Later this month, Jerry Remy will head to Fort Myers, Fla., to begin his 22nd season analyzing Red Sox games on NESN. Since that rookie broadcasting season in 1988, he has become as popular as any player on the field. He was elected president of Red Sox Nation, created a popular fan website, and will soon open Jerry Remyís Sports Bar & Grille around the corner from Fenway.
I spoke with Remy about heading to spring training, this yearís team, and walking the fine line between baseball analyst and television entertainer.
TC: When was the last time you didnít go to spring training to get the season started?
Remy: Just the one year after I retired. I didnít go down the following season, so itís been every year but that one since I was probably 19 years old coming out of high school. It is strange. I donít know what Iíd do if it came to be March and I didnít go somewhere warm for baseball.
TC: Seems like the Sox are hoping their pitching depth will be the key to this season.
Remy: Theyíve been doing that for the last couple of years. They did it with [Bartolo] Colon last year, and hopefully they get more out of both [Brad] Penny and John Smoltz than they did out of Colon. I think they probably will. They do have some depth, but they really wanted [Mark] Teixeira. He was a guy that they could plug in the middle of that lineup for the next six, seven years, and you could tell at the end of last year that the lineup was not the same without [Manny] Ramirez in it, and it was pretty obvious in the playoffs. I think thatís something they really wanted to do, and I think they were stunned that they didnít get it done.
TC: Mannyís still out there. Are you surprised?
Remy: Yes and no. Iím not surprised because I couldnít see a team making a commitment of four or five years to him because of his history. I thought maybe a two-year deal like the Dodgers offered wouldíve made sense because youíd only have to deal with him for two years. I just saw him having a tough time getting a long-term deal because of his history and the bad ending here in Boston. It is strange to be here just a few weeks from spring training and have this guy not with any team at all. Heís still one of the best hitters in baseball.
TC: He wonít come back here, but would you bring him back if you could?
Remy: Iíd love to see him back. From a personal point of view, you never knew what to expect from him every day. Now, I donít have to manage his team or be one of his teammates, but from our vantage point it would be great.
TC: Jason Varitek finally re-signed with the Sox. How tough will it be for the player, the team, and the fans to put this weird off-season behind them and once again accept him as the guy who has been behind the plate for 11 years?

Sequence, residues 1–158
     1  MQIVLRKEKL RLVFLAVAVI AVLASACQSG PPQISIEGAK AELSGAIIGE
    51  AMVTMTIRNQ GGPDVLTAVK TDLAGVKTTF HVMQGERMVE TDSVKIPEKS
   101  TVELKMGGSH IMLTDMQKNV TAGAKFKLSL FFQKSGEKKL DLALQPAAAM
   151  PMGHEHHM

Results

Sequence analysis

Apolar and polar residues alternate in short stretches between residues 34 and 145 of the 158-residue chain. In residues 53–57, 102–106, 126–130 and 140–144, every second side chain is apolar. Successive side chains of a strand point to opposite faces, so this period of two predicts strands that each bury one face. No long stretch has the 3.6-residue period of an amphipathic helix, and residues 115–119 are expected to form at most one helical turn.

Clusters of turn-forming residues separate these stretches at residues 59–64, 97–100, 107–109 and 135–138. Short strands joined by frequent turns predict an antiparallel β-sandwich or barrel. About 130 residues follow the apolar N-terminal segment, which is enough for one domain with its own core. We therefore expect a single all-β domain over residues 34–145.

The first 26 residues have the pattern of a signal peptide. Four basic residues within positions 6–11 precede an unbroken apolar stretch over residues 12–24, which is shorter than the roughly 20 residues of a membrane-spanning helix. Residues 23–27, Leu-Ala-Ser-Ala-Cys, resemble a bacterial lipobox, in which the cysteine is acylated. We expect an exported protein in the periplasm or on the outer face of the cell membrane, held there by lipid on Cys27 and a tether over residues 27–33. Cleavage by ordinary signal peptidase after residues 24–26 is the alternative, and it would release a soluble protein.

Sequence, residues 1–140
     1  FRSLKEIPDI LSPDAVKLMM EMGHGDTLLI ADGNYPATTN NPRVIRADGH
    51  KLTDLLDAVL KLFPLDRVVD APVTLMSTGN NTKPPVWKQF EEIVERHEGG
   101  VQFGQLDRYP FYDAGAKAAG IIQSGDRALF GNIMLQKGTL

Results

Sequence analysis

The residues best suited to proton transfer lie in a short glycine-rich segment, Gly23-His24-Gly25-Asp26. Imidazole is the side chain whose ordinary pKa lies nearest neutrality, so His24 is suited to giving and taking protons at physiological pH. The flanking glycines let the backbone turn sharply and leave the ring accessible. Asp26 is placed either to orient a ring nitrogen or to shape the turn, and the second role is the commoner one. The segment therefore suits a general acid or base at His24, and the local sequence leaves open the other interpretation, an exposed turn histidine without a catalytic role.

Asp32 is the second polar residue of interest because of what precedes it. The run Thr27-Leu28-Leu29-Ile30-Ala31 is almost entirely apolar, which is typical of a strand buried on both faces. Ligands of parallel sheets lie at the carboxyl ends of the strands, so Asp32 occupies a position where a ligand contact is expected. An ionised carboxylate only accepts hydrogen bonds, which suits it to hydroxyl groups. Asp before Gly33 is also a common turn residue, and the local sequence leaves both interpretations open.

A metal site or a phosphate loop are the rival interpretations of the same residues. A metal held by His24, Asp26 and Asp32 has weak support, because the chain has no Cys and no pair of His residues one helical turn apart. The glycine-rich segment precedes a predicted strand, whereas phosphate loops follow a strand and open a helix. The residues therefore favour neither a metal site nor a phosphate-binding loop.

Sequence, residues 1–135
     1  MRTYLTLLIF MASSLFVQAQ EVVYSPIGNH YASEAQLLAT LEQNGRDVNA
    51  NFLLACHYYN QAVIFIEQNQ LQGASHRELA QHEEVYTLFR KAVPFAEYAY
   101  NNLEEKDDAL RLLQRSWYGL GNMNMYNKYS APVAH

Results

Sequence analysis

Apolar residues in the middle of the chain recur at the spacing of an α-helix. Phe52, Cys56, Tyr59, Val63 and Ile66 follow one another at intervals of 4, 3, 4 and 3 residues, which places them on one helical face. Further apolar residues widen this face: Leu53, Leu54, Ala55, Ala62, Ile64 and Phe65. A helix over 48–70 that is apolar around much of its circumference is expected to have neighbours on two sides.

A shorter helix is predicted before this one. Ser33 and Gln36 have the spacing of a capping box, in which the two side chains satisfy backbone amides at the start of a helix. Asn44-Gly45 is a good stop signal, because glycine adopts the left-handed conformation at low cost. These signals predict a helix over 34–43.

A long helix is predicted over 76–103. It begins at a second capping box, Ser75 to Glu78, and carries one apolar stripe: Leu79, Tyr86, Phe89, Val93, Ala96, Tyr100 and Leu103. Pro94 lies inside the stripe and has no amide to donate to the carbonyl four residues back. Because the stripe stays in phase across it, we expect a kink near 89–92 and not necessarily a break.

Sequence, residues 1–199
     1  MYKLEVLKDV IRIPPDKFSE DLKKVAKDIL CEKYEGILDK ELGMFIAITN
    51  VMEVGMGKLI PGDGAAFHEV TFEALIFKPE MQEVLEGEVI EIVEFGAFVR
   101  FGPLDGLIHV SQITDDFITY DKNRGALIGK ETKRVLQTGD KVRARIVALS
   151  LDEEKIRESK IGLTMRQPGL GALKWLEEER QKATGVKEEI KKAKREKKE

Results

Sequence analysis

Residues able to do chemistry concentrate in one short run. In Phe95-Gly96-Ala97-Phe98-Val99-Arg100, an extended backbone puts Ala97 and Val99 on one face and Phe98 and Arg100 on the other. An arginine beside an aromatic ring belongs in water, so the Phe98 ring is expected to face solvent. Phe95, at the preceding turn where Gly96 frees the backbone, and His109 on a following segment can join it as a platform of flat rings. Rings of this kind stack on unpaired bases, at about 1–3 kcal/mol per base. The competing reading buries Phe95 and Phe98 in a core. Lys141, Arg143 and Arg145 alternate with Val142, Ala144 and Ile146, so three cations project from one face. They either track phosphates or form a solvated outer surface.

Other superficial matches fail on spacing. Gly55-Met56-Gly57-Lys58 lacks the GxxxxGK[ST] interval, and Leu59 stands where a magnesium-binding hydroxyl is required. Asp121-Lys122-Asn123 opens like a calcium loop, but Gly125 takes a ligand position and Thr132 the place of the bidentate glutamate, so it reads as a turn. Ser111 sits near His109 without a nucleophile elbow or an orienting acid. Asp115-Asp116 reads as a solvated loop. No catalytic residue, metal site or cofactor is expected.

Remy: I donít think itíll be that tough at all. I think once heís back behind the plate itíll all be forgotten very quickly. A lot depends on what he does, how he plays. I certainly expect him to play better than he did a year ago. Iím not one to say heís done. I think itís been a long, drawn-out thing, and there have been a lot of mistakes made by a lot of people in this. Unfortunately, you donít want the guy embarrassed, but on the other hand he had a chance to go to arbitration and make that kind of money, but he didnít, and now heís paying the price. But I think once heís back there playing the games, itís all forgotten and theyíll be happy to have the captain back.
TC: They had Jerry Remy Day at Fenway last season, and teams donít usually do that until a guy is ready to retire. Youíre not leaving us, are you?
Remy: No, no, no [laughs]. Not unless somebody else wants me to. I think Iím going to be around here for quite a long time. Iíve said many times that when this gig is finally up, I will miss this more than playing, and Iím serious about that, because of the connection weíve been able to develop with the fans. Itís been a great job where Iím in the game of baseball yet I donít have the pressure of being a coach or a manager. This will be my 22nd season. Sometimes you sit down at the end of the season and wonder, ďHow many more of these do I want to do,Ē but I havenít gotten to that point yet.
TC: I canít think of another team where fans watch the games each night like itís a soap opera. Fans follow the story lines on the field, the story lines in the booth. They tune in for the energy and the entertainment these games bring every night.
Remy: Weíre lucky we are where we are. These fans love baseball, and what we try to do as a group is entertain and educate. The most important thing for an analyst is to try to explain the game the best I possibly can, to try to predict things, but not all games are good. Sometimes you have to try to entertain a little bit. Iíve always considered it a soap opera. There are people who turn the game on for the first game of spring training and watch every single game all season long. Youíre like part of their family. I hear it all the time out on the street. ďOh, you guys make me laugh.Ē Thatís a nice feeling that youíre welcome in their homes ó most homes, I guess, not all homes ó and they enjoy what you do.
TC: Some people get critical about the entertainment part of the broadcast, but I know you work at not losing sight of whatís happening in the game itself.
Remy: No, and I shouldnít, but we get carried away sometimes. Itís hard because there are a lot of lousy games. There really are. And it seems like a snowball. Something starts, and it takes off, and it goes in a direction you donít want it to go and you donít know why. But first and foremost is the game, because youíve got to refocus, because it could be a 10-0 game and youíre in this clowning-around mood and all of a sudden you get eight runs and youíre in a game again.
OT contributor Tom Caron is the studio host of Boston Red Sox broadcasts on the New England Sports Network.
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